At a time when most people could say, “Hand on heart”, that we are more connected to one another than ever before, I would say that we continue to feel more and more disconnected than ever.
Sure, we can interact with people on a daily basis, some even minute by minute, across the social media platforms, yet if we were to ask the question of why we do this, we would probably get one answer, “I want to feel that my deep longing inside of me is being met”. The reality is that at some level it does provide a temporary fix, yet when it is over we need the fix again, and again, or to have more of it, more frequently.
The same is true for the other fixes that we seek in order to fill the gap, be it alcohol, drugs, sex, television, work, etc.
Does it fill the gap or does it numb the need for a moment?
I was reminded of this quite starkly whilst watching a short clip of Christian Pankhurst and a member of the audience he had invited on stage with him. She had the courage to get on the stage and to ask for what she wanted. She asked to be seen and held by Christian, and for her not to diminish the experience by continuing to maintain eye contact with him.
It was a most profound and beautiful moment. At first, he stood about five feet away and looked at her, quietly, fully and totally in the moment. You could appreciate some of what she was experiencing, perhaps for the first time in her life, through the way she breathed and how her posture changed. You knew this was already having an impact on her.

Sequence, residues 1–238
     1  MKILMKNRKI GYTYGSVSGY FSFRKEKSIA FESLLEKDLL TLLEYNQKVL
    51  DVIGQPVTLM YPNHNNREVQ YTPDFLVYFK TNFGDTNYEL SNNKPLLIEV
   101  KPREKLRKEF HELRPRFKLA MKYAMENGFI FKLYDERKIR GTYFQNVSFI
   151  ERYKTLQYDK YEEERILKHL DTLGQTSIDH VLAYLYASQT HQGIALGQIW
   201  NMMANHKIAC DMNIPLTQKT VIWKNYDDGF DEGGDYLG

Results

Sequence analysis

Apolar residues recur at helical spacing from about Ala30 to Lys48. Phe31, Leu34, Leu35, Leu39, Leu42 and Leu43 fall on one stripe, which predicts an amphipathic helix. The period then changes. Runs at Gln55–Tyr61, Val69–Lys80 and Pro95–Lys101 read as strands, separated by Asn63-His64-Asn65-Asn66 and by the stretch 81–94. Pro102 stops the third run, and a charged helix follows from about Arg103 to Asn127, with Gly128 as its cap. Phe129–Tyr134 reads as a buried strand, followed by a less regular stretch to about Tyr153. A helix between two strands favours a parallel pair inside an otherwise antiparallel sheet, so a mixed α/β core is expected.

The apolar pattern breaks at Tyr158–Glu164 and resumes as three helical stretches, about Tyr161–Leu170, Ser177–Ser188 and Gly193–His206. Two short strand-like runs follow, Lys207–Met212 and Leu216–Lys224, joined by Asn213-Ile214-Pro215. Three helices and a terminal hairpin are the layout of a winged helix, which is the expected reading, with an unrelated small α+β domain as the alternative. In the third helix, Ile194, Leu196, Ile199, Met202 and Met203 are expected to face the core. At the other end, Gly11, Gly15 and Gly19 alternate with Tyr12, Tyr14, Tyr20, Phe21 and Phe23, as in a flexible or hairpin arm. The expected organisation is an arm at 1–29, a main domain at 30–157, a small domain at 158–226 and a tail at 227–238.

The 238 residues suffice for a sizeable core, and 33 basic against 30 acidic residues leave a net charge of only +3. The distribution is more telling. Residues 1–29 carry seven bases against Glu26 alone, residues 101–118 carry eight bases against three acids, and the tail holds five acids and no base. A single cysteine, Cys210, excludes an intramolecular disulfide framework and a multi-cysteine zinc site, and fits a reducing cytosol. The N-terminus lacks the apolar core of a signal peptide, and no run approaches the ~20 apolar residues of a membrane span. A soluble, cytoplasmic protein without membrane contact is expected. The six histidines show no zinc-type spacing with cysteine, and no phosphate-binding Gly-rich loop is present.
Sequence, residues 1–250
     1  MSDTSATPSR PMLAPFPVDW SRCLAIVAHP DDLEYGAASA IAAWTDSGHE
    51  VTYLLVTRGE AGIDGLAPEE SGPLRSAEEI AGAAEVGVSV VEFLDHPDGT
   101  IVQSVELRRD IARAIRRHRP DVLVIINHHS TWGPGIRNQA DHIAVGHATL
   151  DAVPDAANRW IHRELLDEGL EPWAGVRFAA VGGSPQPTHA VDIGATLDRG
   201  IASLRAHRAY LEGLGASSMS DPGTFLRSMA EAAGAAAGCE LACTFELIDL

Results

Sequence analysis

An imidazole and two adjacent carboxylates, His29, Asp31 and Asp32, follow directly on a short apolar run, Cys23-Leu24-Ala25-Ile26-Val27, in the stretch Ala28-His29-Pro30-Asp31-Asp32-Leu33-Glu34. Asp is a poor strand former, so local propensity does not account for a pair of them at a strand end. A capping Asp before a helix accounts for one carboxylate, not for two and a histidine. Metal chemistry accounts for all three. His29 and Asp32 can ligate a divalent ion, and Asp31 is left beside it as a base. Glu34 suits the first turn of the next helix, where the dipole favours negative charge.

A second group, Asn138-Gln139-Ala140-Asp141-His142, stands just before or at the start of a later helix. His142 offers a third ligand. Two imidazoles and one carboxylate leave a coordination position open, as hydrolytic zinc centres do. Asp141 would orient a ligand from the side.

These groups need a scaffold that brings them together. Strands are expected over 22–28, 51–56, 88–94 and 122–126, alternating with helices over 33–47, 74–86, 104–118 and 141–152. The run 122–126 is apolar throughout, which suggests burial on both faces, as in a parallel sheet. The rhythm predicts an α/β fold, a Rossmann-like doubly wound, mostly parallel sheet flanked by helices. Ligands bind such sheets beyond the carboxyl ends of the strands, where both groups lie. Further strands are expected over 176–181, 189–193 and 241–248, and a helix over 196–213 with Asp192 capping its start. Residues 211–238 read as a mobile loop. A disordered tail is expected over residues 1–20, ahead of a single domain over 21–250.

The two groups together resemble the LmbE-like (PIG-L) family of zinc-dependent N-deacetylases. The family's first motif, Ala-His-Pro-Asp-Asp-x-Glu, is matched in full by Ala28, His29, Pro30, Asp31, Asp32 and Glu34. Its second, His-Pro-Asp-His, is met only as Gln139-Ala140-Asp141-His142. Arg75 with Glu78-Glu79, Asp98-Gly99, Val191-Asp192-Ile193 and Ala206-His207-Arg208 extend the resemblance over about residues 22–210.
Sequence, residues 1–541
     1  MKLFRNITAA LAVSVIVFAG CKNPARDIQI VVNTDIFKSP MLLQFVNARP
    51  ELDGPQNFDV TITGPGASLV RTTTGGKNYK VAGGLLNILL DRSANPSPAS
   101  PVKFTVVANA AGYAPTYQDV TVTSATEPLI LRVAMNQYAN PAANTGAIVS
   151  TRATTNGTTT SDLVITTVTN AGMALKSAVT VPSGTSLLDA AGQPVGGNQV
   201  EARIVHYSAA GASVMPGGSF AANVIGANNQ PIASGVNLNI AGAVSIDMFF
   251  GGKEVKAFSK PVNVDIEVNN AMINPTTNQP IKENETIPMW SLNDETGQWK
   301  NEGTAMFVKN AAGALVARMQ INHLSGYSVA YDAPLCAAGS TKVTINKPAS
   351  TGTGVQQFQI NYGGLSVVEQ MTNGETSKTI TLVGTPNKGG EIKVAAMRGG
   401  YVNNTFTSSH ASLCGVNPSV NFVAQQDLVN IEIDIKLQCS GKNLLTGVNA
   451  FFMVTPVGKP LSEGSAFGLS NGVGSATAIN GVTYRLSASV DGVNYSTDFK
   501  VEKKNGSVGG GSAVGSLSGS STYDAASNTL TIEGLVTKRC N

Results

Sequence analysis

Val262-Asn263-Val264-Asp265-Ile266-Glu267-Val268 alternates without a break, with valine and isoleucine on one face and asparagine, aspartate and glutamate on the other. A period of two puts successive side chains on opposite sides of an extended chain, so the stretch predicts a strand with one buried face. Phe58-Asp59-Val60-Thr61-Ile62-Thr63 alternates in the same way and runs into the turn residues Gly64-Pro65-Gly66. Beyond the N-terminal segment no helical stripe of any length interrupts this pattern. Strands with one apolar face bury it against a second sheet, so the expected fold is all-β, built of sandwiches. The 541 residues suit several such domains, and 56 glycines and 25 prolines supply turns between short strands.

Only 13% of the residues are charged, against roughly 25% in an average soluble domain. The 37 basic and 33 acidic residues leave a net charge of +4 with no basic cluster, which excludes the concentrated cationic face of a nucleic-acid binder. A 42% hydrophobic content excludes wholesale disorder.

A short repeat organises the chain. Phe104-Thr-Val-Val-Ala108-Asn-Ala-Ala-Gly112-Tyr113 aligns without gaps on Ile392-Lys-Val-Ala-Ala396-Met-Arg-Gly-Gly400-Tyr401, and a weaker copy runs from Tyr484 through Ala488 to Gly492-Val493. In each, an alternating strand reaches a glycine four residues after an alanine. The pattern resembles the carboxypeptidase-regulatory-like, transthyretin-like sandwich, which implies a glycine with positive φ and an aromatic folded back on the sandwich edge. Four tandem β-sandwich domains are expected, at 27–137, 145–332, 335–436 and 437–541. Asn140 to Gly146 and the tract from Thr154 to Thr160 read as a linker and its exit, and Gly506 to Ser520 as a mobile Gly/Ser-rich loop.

Christian then moved closer, to within an arm’s length, still maintaining full eye contact and completely present with her. She started to laugh awkwardly and moved her hand to her mouth a few times. She was totally experiencing the feeling of being seen. You could see her body ‘drop’ or on reflection, surrender to what she was now feeling.
He then asked if it would be alright to touch her, to which she replied, “Yes”. Christian then placed his hands on her upper arms and held them. Throughout all of this, both maintained eye contact. Her awkward laugh changed to tears and then to uncontrollable sobbing. At which point Christian asked her, “Tell me when you have had enough?”, which was enough for her to smile again, this time from a more joyous position, at which point they were able to embrace, which they did for about a minute.
How many times are we not seen, not heard?
Each time we get ignored we bury it inside, so as not to cause us further pain. Yet it sits there, eating away, influencing our view of self (not worthy, not enough, insignificant) and influencing how we see the world (threatening, unfriendly, cold). Our bodies react to this as a threat and in doing so negative chemicals are released, we go into a state of fight or flight, and we continue to live in fear.
On the plus side, when we do get seen or heard the impact can be considerable, the healing it gives, namely, the release of positive chemicals inside us, the affirming, the acceptance, the validation and the allowing, enables each of us to take a small step forward to being more of who we really are and to more fully ‘show up’ in the world.
Who could you be present with today and really see and hear them?
A very powerful experience! To be truly seen and heard does not happen very often for many.
Thank you Yvonne for your comment. Sadly, it is so true. People are rarely seen and heard. I often say that people are dying to be heard, literally and figuratively. Colin